by Jewel Caruso
In the National Association of Colleges and Employers (NACE) Journal, emeritus professor, Karen Webber, and associate professor, Amy Stich, published their article, "The importance of career competencies in work related experiential activities for engineering and computer science majors." McBee doctoral students Matthew Grandstaff and Collin Case contributed to the research and writing for the paper.
In the article, they explain how science, technology, engineering, and mathematics (STEM) are increasingly important in the United States. Work-related experiential activities (WREAs) are a highly recommended "tool to support students in developing the kinds of skills needed for employment." NACE defines career readiness as a "foundation from which to demonstrate requisite core competencies that broadly prepare the college educated for success in the workplace and lifelong career management."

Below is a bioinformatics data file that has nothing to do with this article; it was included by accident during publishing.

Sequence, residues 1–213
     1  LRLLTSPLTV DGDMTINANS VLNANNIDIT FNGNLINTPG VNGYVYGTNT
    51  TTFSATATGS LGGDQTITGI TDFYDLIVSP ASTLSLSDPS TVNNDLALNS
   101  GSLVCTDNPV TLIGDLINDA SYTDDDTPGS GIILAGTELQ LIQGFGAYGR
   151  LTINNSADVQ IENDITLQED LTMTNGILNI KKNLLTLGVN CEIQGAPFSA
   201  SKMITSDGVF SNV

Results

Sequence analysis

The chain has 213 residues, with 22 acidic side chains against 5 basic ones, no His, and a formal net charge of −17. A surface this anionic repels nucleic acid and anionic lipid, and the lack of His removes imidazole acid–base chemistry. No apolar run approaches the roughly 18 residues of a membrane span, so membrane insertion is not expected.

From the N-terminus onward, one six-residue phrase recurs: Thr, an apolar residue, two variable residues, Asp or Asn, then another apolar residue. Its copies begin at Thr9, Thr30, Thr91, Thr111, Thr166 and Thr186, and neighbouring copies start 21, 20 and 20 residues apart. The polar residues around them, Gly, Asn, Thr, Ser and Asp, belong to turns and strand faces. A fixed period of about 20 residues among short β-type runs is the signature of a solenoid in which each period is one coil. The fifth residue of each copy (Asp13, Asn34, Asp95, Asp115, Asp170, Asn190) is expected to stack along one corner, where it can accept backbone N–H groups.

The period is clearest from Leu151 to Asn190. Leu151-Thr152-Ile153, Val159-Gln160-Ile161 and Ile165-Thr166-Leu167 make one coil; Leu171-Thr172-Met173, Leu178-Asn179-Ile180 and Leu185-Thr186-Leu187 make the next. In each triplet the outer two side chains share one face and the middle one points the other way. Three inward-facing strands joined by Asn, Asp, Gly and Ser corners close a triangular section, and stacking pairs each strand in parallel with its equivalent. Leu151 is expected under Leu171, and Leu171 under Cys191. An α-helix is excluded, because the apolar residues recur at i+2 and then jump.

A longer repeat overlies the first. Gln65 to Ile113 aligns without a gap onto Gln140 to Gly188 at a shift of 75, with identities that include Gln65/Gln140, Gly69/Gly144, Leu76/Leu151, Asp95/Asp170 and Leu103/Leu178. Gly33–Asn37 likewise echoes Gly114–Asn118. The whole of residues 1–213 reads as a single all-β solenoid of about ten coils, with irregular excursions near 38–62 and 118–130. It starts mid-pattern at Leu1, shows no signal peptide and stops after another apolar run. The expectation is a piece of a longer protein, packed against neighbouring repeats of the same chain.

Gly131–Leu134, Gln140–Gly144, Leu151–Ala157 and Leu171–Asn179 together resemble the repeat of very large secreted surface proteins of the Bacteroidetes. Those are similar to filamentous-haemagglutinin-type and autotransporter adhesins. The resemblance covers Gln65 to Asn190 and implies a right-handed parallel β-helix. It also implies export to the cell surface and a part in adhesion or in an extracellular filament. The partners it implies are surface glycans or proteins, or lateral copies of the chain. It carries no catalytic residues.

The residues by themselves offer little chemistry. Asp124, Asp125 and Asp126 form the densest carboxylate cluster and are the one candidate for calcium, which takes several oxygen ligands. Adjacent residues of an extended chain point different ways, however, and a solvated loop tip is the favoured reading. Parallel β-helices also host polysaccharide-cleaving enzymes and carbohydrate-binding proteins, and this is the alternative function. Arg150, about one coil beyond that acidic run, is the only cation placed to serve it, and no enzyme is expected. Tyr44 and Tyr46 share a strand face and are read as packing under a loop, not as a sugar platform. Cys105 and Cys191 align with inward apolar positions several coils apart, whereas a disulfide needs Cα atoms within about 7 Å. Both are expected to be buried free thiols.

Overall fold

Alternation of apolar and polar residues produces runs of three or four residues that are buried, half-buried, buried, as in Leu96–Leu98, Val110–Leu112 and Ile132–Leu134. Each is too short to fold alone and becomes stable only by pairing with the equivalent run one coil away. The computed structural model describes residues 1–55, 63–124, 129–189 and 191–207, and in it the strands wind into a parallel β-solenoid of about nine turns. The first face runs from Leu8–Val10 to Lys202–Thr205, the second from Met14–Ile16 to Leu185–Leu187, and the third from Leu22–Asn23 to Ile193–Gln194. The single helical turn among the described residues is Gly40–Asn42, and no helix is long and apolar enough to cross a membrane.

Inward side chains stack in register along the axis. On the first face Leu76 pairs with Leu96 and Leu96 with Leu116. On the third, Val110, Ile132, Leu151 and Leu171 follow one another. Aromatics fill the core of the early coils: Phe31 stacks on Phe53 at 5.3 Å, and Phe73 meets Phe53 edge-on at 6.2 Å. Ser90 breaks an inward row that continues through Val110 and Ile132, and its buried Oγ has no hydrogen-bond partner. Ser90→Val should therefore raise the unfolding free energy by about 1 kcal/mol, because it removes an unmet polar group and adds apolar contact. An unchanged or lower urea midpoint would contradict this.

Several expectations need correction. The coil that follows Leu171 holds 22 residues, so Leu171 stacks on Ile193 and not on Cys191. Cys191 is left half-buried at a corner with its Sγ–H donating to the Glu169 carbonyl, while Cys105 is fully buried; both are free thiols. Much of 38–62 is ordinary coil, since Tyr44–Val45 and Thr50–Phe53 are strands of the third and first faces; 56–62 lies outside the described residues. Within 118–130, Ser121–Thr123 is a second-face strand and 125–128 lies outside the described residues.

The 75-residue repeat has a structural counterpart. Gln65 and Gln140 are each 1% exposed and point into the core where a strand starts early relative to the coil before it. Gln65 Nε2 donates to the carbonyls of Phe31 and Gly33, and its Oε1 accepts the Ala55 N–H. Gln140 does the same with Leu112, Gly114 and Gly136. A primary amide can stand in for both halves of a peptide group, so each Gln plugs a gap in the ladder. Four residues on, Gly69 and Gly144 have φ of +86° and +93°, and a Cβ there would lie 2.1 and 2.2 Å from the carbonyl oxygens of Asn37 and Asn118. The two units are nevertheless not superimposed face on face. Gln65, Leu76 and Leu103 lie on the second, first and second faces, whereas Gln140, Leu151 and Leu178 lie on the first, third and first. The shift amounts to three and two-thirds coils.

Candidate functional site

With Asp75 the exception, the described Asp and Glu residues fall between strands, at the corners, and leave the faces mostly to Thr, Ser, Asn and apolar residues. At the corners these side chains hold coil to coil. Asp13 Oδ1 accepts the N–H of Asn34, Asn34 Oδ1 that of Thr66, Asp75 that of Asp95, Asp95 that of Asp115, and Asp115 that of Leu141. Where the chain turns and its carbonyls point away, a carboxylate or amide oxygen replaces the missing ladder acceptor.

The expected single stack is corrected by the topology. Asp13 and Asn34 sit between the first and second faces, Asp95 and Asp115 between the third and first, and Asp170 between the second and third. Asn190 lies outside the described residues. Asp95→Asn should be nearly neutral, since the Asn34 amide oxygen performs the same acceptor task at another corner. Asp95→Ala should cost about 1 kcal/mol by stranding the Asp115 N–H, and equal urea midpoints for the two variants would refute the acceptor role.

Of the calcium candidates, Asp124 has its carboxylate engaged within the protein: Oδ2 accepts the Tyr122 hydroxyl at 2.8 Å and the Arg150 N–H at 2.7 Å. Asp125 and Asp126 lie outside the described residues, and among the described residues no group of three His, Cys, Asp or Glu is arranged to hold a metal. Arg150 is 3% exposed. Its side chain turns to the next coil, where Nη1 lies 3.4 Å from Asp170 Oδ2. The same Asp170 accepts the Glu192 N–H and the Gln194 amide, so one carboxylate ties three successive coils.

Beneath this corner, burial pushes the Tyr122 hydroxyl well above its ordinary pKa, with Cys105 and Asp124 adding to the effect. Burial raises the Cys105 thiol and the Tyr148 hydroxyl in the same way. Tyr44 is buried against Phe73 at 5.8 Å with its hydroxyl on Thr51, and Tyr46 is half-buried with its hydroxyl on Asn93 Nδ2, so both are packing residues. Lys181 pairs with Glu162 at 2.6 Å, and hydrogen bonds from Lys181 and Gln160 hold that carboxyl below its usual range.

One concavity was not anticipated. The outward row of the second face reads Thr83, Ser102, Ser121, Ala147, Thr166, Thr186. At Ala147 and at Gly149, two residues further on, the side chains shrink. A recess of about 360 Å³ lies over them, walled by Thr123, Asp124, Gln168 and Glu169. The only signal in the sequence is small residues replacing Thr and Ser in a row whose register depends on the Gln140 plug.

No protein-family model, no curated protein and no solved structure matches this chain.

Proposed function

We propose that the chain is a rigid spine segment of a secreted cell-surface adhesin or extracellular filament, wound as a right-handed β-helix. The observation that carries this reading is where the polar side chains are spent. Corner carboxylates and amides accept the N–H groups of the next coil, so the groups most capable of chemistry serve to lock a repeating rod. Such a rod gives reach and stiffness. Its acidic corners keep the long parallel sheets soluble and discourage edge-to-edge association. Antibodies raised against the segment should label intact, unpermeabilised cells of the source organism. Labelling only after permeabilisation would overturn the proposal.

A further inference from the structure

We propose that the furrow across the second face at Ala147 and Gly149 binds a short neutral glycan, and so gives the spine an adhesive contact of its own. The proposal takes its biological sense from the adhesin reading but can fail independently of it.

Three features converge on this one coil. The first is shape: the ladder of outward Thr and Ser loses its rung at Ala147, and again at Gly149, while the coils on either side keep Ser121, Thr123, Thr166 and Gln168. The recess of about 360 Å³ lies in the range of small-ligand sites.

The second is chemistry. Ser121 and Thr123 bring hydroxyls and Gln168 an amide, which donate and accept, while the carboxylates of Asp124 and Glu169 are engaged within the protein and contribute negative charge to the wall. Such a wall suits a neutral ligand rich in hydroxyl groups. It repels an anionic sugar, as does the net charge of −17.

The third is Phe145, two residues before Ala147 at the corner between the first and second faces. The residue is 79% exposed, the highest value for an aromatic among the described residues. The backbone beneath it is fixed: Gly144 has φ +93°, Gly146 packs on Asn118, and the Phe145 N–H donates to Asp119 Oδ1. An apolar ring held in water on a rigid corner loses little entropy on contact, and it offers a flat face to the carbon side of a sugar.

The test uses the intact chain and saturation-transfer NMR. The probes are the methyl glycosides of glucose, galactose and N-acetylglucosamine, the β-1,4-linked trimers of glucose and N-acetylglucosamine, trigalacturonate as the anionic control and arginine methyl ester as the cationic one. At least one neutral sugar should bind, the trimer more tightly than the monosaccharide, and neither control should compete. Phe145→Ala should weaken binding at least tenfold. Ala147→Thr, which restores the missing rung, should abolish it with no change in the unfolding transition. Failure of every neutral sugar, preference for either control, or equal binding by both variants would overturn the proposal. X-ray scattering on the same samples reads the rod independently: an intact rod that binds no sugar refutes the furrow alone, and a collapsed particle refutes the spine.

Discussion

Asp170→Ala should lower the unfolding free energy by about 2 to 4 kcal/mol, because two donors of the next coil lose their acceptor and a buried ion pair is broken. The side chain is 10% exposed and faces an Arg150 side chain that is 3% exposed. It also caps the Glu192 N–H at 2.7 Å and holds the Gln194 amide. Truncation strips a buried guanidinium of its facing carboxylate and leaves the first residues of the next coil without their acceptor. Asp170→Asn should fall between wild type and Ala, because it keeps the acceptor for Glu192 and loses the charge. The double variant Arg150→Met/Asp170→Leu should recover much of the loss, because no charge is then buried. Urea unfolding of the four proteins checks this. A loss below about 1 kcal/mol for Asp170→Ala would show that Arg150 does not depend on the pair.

Their research draws on the impact of internships and cooperative education activites on student preparedness for full-time work. The students who participated in their study reported that exposure to the real-world experience was profound. In the words of one respondent, "interacting in a professional setting; establishing relationships with employers; and understanding how to connect others in the profession."
Overall, Webber, Grandstaff, Case, and Stich concluded that WREAs are invaluable experiences for college students. They also offer wats to improve upon the WREA experience. To fully investigate their research, please read their article on NACE's website.